Their promotional piece calls Wilkins and Allen's music with a sweet edge. Indeed, that is a fairly apt description. The music is jaunty, sparkling and, yes, even sweet. At times, it is a trifle with whipped cream and custard inside. A lot of sweetness. Not doubt it is the delicate and gentle flute playing by Jill Allen. To offset the sweetness of the airy flute, pianist Skip Allen provides a hard-nosed Bop sensibility. But sometimes even that is not enough.
On the two pieces that saxophonist Dave Liebman plays, he gives the music more depth, more spice, more bite, more contrast. This is noticeable on the opening piece, "Skip and Me," and extended on "Hovering," perhaps the best tune on this CD. Liebman and Wilkins give "Hovering" a quality that is sweet and edgy, moody and bright.
On the rest of the tracks, Wilkens and Allen try to mix up the line-up. The rhythm section of bassist Tony Marino and drummer Tom Whaley are featured prominently on the bouncing "Sunlit Samba." On the title track, Jill Allen switches to electric bass. There is a wonderful rapport between Allen and Wilkins that is warm and congenial.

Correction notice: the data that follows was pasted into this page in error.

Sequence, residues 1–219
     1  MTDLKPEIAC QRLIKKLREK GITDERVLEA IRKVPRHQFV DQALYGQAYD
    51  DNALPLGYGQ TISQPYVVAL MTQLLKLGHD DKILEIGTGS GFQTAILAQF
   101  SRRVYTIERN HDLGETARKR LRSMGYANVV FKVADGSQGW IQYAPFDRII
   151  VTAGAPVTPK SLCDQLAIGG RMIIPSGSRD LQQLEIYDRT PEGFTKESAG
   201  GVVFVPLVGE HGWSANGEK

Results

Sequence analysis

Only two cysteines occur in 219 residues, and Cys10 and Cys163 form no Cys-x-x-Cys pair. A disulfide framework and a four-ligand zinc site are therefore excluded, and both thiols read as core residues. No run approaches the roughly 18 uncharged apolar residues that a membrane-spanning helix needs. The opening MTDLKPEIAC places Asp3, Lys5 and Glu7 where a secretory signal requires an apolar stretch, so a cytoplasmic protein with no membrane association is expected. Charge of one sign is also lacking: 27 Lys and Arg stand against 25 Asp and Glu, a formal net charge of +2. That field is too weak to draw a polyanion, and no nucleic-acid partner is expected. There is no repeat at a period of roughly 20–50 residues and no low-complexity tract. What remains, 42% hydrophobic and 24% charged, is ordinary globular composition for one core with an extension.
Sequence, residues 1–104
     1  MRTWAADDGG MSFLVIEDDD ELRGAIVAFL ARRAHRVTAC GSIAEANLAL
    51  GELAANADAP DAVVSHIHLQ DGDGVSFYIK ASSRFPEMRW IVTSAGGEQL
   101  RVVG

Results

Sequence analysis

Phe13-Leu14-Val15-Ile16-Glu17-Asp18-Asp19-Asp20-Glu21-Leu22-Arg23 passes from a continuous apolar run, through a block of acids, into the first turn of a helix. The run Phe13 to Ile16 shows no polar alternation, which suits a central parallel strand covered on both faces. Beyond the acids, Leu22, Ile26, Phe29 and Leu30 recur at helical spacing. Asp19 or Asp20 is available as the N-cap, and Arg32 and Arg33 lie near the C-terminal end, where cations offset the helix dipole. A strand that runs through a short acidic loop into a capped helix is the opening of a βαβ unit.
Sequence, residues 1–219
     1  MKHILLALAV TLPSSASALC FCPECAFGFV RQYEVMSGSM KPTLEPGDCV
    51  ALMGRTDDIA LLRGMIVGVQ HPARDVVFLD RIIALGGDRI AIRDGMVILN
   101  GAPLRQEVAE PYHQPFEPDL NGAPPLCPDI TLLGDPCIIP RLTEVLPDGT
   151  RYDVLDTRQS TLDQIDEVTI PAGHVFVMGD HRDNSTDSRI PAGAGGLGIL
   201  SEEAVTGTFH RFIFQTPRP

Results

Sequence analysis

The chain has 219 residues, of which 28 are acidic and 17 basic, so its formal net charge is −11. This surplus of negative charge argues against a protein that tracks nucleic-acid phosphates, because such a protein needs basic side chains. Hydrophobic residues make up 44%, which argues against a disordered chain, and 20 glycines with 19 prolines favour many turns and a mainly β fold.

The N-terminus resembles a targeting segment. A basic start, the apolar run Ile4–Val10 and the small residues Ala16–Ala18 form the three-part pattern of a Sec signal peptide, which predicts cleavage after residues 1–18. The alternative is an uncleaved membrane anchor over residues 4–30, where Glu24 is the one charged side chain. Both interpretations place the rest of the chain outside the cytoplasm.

"Petty Theft" is uniformly beautiful, almost blissful. It is almost a perfect smile. This could drive a New Yorker nuts. This poses an interesting question: does music have to be slightly neurotic or off-kilter to make it more interesting? Might it be better to have more edge and less sweetness? Need caffeine?